Authors: Jeremy Bates
What was I saying—? Ah, my reflection. Strangest thing, I
didn’t much recognize myself. It freaked me out a bit looking in the mirror and
seeing a stranger. I recognized my eyes, my features, sure, but they weren’t
the same somehow. There was something missing—no, something changed. A new
hardness, I suppose, carved from anger and despair. Can such emotions alter
your physical appearance? More than likely it’s all psychological. I’m seeing
what I’m feeling. It makes me wonder if prisoners experience this too. After
being cooped up in a six-by-ten-foot cell for twenty-five years, do you really
see the same man in the mirror you saw when you were free to do as you pleased
when you woke up in the morning?
Hmmm… I reckon that’s an apt metaphor for me: a prisoner.
Because I am, no doubt about it. I might not be locked behind bars, but I may
as well be for all the freedom I have. It’s not like I can’t go outside. I can.
But not with Sullivan and Walter. I can’t go anywhere with them. People have a
kill-or-be-killed mentality these days, and most wouldn’t hesitate to feast on
my boys if they got the chance.
I should apologize for my writing.
There’s no real rhyme or reason to it, is there? No structure, no theme, no
purpose even. Stream of consciousness, I think they call it. But, hell, I’m not
a writer. I’m just a bloke putting his thoughts to paper.
And why the fuck am I justifying myself? No one’s going to
read this, right? Or are they?
Are you reading it right now?
Oh, jeez… I’m wiping tears from my eyes. Tears of laughter.
Or madness. I don’t know. I don’t fucking know…
I reckon it’s about time I describe
how it all went down—the end of civilization as we knew it and everything.
It was a Tuesday morning in the Outback—
Wait, first I’m going to paint a picture of what it used to
look like out here, because for semi-arid desert, it was amazingly, wonderfully
beautiful. It got hot, sometimes in the summer unbearably hot, but there was
never much humidity, and that meant the air was clear as crystal. On almost any
day of the year you could see all the way to the impossibly distant horizon
where it met with the biggest, bluest sky you’ve ever seen. I often hiked
outside the town limits, where the red landscape was sunbaked and cracked,
marred only by twisted mulga trees and saltbush and irregular undulations, and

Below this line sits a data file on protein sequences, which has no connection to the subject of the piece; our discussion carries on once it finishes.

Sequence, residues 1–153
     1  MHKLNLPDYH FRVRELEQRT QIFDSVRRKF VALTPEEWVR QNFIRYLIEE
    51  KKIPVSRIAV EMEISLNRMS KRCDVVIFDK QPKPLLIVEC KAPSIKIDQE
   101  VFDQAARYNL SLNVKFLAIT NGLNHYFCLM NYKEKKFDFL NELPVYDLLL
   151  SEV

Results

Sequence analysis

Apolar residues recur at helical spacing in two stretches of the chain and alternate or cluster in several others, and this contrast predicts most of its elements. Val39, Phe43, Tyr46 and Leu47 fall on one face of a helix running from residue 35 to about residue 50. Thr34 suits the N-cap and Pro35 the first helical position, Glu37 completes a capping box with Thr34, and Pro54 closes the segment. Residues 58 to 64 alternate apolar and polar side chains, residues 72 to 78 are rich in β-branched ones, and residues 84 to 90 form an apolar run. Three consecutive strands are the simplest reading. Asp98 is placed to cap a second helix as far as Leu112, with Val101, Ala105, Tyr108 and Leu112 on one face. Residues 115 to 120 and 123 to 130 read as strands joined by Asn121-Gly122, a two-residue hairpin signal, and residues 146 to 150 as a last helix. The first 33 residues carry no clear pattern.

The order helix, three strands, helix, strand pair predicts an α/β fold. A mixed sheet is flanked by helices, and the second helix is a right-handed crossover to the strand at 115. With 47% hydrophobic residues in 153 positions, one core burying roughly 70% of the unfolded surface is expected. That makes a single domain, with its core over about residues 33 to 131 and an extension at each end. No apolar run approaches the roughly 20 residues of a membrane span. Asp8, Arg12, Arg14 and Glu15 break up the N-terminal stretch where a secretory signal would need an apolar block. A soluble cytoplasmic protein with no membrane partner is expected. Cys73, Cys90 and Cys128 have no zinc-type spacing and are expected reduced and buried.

where only the hardiest mammals—prehistoric-looking emus, red kangaroos,
wedge-tailed eagles—could survive, and where, when I closed my eyes and just
stood there, I could feel the warmth of the sun on my face and hear the whisper
of the wind in my ears. It was a place like none other, nature at its most
desperate, and damn do I miss it—
But I digress. The day the asteroid struck. I was living on
my own then. The ex—Suzy was her name—she had full custody of the boys. I spent
the morning doing some shopping at Woolies. Mostly foodstuff, but I needed
toothpaste too; funny how you remember shit like that. Afterward I went to
Macca’s across the parking lot and was eating an Egg McMuffin and reading the
when everyone in the joint was suddenly on their phones. There were
a couple TVs mounted to the walls, and they often played American news programs
for whatever reason. The volume was down, but I could read the tickertape well
enough, and it made my blood turn cold: “BREAKING NEWS–ASTEROID ON COLLISION
COURSE WITH EARTH?”
I was glued to the tube for the rest of the day. The
reporting got more and more surreal as new and more alarming stories broke one
after the other. It’s hard to describe how I felt. It was almost as if I was
getting sucker punched in the gut once a minute, every minute. I couldn’t get
my head around what I was hearing. The only time I felt remotely like this was
when my sister, Leanne, died two and a half years before. She was one of the
rare souls who left Broken Hill and made something of themselves. She studied
at the University of Adelaide, earned a degree in environmental sciences, and
became some sort of consultant to Big Business. She married an executive, had
three kids, and moved to the suburbs. Every Christmas she made the five-hour
drive back to Broken Hill to spend time with me and Sully (whom Suz dropped off
for a couple hours in the afternoon). On Leanne’s final trip—she’d been
ecstatic to see Walter, who was only a few months old then—her husband Jeb was
driving along the A32, a hypnotically long, arrow-straight stretch of highway.
Police couldn’t say anything for certain given there was no animal carcass, but
they suspect Jeb must have swerved to avoid a goat or ’roo, or maybe a wombat.